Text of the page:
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PUMA’s il mostro given rapturous applause in Alicante

September 20th, 2008

 PUMA Ocean Racing participates in the opening ceremony for the Volvo Ocean Race 2008-2009.
 Puma Ocean Racing Team

Puma Ocean Racing crew sporting the SLS Performance Polo

Alicante, Spain, September 20, 2008 – PUMA Ocean Racing joined the seven other teams in the opening ceremony festivities for the Volvo Ocean Race last night.  The crowd in the Port of Alicante were introduced to Puma and gave a warm welcome for il mostro and her crew.  The team will remain in Alicante through October when the race begins with the In-Port and Pro-Am Races on October 4-5.  Leg 1 of the 2008-2009 edition of the race begins on October 11 when the team leaves for Cape Town, South Africa.

Photo Credit: Sally Collison/PUMA Ocean Racing

12 Men In a Raft

September 19th, 2008

PUMA Ocean Racing successfully completes Safety Training School

Puma Ocean Racing Safety Training
I couldn’t say with any certainty how much time had passed since the MAYDAY and subsequent ABANDON SHIP call had gone out.  But there I was standing there in my survival suit, waiting to jump into the icy water below, knowing that we would have to form a safety circle and take a head count before swimming crocodile style to our life raft.  This was a daunting task and the crew knew that by the time we got to the life raft we would be exhausted.  
As night fell, one of our big guys, Shannon Falcone was able to right the raft allowing us to climb in as per our training.  Skipper Ken Read then called for another head count.

1 Kenny shouted

2…Jerry Kirby bellowed

Then silence…where’s 3?…It’s Michi someone yelled…Louder Michi!!!…sree (three in his German accent)…said Michi in the quietest shout I have ever heard


5 Justin…on and on through the entire crew.  

Sidney Gavignet is number 10, one before me.  When it came to my turn I prepared to belt it out big time but couldn’t tell if it came out as a roar or a whimper…11.  The noise of the wind inside the raft was deafening.  Thunder and lightening was all around us and the sky filled with huge flashes of light.  The water inside our raft was already ankle deep from the waves washing in over the side, and the rain seemed to find its way in everywhere.  This sucks I thought.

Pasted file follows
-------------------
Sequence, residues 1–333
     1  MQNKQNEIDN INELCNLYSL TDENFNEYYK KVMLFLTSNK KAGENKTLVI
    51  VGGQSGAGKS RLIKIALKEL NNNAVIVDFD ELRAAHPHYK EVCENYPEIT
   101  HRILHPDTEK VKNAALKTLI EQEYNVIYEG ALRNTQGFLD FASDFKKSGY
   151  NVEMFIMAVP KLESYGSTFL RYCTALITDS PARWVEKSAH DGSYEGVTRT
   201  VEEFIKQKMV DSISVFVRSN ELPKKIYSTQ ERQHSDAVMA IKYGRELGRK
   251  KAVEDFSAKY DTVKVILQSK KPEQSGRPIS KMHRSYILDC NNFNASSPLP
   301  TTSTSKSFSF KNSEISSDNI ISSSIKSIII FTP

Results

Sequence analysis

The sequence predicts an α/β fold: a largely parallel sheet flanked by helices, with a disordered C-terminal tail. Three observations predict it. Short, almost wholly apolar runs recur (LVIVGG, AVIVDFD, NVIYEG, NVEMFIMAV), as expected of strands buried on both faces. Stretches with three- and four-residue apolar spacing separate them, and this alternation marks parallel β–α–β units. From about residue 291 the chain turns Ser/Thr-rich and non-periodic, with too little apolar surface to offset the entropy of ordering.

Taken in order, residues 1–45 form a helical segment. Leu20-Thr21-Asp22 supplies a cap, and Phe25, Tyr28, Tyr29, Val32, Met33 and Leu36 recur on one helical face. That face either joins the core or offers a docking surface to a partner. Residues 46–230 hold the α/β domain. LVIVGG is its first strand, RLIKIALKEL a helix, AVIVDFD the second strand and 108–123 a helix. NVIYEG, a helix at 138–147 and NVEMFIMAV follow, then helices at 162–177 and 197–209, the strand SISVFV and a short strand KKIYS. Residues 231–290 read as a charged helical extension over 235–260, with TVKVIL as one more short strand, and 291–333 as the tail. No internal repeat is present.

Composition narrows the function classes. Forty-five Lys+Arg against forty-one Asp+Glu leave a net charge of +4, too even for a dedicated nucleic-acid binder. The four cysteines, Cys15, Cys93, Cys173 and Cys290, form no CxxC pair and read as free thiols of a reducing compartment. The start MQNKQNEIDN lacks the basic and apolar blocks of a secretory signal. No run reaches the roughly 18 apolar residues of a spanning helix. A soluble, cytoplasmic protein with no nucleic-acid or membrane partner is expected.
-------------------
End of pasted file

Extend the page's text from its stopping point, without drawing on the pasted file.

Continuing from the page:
And finally number 12, Shannon, our extra man was safely onboard.  Relief, all twelve members of PUMA Ocean Racing accounted for and present.

Thankfully, this wasn’t for real but was in fact the PUMA Ocean Racing team completing the two day Volvo safety course in the UK alongside the Irish Green Dragon team.  

As Volvo Ocean Race sailors, we take safety very seriously and the events of the last race are never far from our minds. We’re fully prepared for the worst, but I hope we never have to put our skills to use.

-Rick Deppe

Photo Credits: David Kneale/Volvo Ocean Race

Technology Clothes The City

September 18th, 2008

The following piece was released by  Sfilate fashion magazine of Milan, Italy, Sfilate is a fashion magazine based upon runways and fashion news (www.sfilate.com):

SLAM Sportswear Fall 08SLAM Sportswear Fall 08 Collection

Technology clothes the city…A new thermo regulating jacket for all seasons: “Full Metal Jacket”.
Layered pants which boast a look for city wear but are technologically futuristic.
A warm-up vest in which to face the winter cold…The rallying cry for SLAM’s 2008-2009 collection is: TECHNOLOGY.
The company from Genoa is concentrating more and more on transferring the technology and engineering used for clothing in its ADVANCED collection to its TECHNOLOGY and SPORTSWEAR collections for everyday use.
Thermo-taped seams, breathability, waterproofness are but a few of the intrinsic winning features in SLAM clothing.  An accurate choice of materials: cashmere, “soft shell” and velvet, precision in the stitching and care exercised over the finer points result in an attractive and attention-getting collection.  Apart from classic cuts, we find close fitting lines, custom fit shirts and polo shirts designed for sportsmen who follow the latest trends.Jackets, which for years have been the top of the range in SLAM’s collections warrant particular attention.  Quilted jackets increase in volume and become glossier; new cloth reefer jackets are matched up with the technical features which set sports jackets apart (thermal taping, lamination and waterproofing) whilst retaining the look and comfort of cloth. Worthy of a special mention are the futuristic “soft shell” jackets assembled thanks to a system which uses ultrasound technology.  The SLAM man, who has always been sporty, a lover of the great outdoors, is a dynamic individual, attentive to detail and to quality of life.Loads of innovation too for the ladies for whom a collection with greater fashion emphasis and femininity has been designed.  Waistlines are higher and pants figure hugging; knitwear has longer lines, prints become transparent and t-shirts double-sided.Created for the dynamic and glamorous woman, the new gold line is embellished with gold detail.The new “Full Metal Jacket” is thermo regulating, adapting itself to variable atmospheric conditions.